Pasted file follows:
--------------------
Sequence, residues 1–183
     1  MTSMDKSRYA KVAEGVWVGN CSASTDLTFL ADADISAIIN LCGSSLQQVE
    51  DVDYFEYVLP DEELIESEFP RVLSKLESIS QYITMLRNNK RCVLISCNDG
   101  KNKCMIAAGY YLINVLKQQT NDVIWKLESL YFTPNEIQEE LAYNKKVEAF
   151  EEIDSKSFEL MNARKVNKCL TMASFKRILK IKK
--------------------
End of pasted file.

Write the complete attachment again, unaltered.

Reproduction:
Sequence, residues 1–183
     1  MTSMDKSRYA KVAEGVWVGN CSASTDLTFL ADADISAIIN LCGSSLQQVE
    51  DVDYFEYVLP DEELIESEFP RVLSKLESIS QYITMLRNNK RCVLISCNDG
   101  KNKCMIAAGY YLINVLKQQT NDVIWKLESL YFTPNEIQEE LAYNKKVEAF
   151  EEIDSKSFEL MNARKVNKCL TMASFKRILK IKK